Longtime patron of Old Airport Road Food Centre relays the despair felt by hawkers under NTUC Foodfare

Photo: Jnzl’s Photos / Flickr
Photo: Jnzl’s Photos / Flickr

Recently, the public got to know that Old Airport Road Food Centre — one of the best places in the country for some solid local cuisine since ’73 — had a change in management. According to a Channel NewsAsia report, social enterprise NTUC Foodfare took over the operations of the beloved hawker center from the National Environmental Agency two years ago.

CNA then got some anonymous hawkers to go on record to say that crockery collection fees (including dishwashing) have risen up 40 percent since NTUC Foodfare took over. Now, vendors have to pay $580 a month, on top of other costs.

Gary Ho, a longtime patron of Old Airport Road Hawker Centre, took to Facebook yesterday to publish his thoughts about the new management as well as what he found out from the hawkers themselves. Like what Makansutra founder and local food guru KF Seetoh wrote about before, the vendors under these Social Enterprise Hawker Centres (SEHC) are apparently being unfairly treated by the new management, and are probably making it more unconducive to be a hawker.

Check out what Ho had to say.

No transparency

“When I went there yesterday, one of the hawkers I know very well was lamenting to me how recent changes are going to kill the hawker center. So, apparently NTUC took over the management of the hawker center and they were all made to sign ridiculous legal documents in English without a translator informing them what they were signing. When they asked what was the content, the ‘ang kong kia’ (a heavily-tattooed, thug-looking man) said ‘nothing much lah’ and to ‘just sign’.

The hawker told me it is like NTUC hired a bunch of debt collectors to visit them. How can you make hawkers sign a legal document with no translation provided???”

Cleaning costs

“Then their monthly cleaning costs rose to $500+ from $300+. This hawker has been there since I was a kid. They have seen it rise from $4 to $80 to $100+ to $300+ last round and now $500+. Stalls that sell mainly takeaway items and have nothing to wash are also charged the same rate now whereas the previous contractor voluntarily gave them a slight discount since they used less resources. When asked if NTUC could continue to give them a discount, silence….

I know costs have risen but is this profiteering? If the previous contractor could do it at $300+, why the almost doubling of charges?”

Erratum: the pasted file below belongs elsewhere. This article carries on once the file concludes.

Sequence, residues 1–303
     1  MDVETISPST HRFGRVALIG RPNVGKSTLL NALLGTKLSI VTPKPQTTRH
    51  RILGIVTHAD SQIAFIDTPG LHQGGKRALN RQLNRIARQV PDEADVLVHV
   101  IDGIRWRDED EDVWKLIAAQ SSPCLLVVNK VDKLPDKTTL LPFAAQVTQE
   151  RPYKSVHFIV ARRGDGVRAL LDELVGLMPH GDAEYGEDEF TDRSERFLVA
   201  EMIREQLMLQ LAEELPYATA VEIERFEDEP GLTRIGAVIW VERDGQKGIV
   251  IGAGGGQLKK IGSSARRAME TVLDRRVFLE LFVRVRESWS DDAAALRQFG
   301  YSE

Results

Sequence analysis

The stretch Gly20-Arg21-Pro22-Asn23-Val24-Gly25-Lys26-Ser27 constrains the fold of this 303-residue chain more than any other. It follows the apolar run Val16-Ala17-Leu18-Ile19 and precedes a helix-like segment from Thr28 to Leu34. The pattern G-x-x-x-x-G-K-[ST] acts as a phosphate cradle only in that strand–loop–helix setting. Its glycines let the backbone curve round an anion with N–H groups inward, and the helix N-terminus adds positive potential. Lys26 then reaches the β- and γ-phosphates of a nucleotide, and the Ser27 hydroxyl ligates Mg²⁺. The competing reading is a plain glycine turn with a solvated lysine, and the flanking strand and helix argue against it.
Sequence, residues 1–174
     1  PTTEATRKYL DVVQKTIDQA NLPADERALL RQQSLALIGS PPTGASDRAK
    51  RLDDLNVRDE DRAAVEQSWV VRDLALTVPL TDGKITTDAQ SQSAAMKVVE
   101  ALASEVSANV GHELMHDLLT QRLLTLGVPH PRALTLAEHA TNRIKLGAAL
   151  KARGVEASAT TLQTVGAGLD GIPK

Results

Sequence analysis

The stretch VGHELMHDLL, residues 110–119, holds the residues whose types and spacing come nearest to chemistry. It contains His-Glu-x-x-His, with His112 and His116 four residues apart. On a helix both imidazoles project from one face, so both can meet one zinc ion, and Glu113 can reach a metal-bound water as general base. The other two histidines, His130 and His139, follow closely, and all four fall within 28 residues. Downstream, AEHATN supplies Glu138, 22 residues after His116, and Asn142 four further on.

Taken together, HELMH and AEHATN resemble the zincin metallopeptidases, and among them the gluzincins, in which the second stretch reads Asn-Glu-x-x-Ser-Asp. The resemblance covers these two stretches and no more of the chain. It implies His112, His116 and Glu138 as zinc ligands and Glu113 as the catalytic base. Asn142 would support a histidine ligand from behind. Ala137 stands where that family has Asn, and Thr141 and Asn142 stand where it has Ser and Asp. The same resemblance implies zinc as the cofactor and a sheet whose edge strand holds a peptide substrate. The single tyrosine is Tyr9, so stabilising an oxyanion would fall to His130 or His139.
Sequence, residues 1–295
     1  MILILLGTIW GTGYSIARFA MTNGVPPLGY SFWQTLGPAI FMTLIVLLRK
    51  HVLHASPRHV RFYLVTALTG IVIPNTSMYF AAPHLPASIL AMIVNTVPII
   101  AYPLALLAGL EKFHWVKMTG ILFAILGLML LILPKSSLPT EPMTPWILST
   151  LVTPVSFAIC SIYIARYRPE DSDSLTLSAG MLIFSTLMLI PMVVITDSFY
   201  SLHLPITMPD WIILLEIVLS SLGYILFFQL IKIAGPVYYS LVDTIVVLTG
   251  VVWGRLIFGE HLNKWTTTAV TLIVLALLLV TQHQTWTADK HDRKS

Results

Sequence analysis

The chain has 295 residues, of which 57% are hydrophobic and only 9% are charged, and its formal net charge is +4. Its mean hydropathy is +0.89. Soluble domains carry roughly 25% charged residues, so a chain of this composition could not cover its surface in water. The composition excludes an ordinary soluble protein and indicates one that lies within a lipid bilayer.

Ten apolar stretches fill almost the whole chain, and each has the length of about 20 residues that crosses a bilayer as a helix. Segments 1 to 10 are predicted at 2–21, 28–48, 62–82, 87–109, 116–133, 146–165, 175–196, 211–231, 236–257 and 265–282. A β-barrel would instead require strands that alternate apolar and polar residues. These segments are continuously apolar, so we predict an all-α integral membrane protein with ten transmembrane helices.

Long hours

“The new contract they signed also mandates that they must stay open for super long hours. The old hawkers protested to this and are not complying. They said if they force them to open, they might as well close and retire. Their point is very valid. They said why open when there is no one coming? People who make these rules should consult the hawkers since they have been there for ages and know their operating environment well.

Hawkers are independent operators. Since when are they now working for NTUC and since when has NTUC become their boss??? Also, how does forcing elderly hawkers into working long hours make things any better?”

Restriction of movement

“I really got upset when I was told they now need to report their movement to the contractor or face punishments. So this hawker was told they need to inform NTUC whenever they are closing to take leave. When the hawker informed them, they asked the hawker is anyone manning the stall? The hawker replied yes, then they said no need to inform. So they were like, must report also you say, no need to report also you say.”

Social Enterprise Hawker Centers

The issue of homegrown hawkers feeling smothered by social enterprises and their allegedly unreasonable practices have been a hot-button issue for the past couple of months ever since Prime Minister Lee Hsien Loong wanted hawker center culture to be recognized by the United Nations. It was Seetoh who brought up the issue that such SEHCs aren’t sustainable environments for hawkers.

These newer hawker centers are different from standard open-air food complexes in Singapore; SEHCs are run by social enterprises with the purpose to keep dishes affordable. These social enterprises — such as NTUC Foodfare — will help hawkers to allay costs by purchasing basic items such as rice, eggs, and cooking oil in bulk.

But it appears that hawkers at SEHCs actually have to pay more in rent and miscellaneous fees, on top of mandatory requirements to operate stalls for longer hours. And despite the high costs of operation and management fees, these hawkers are still expected to offer at least one dish at below $3 in their menu.

In his post, Ho added that the hawkers are grateful to Seetoh for bringing the issue up in public because the Member of Parliament they spoke was allegedly no help at all.

“I decided to write this long post so that you guys are aware of what is happening and know that the reports coming in fast and furious about these so-called social enterprises are not fake news,” Ho wrote.

“We’d better go and eat there before they all leave.”

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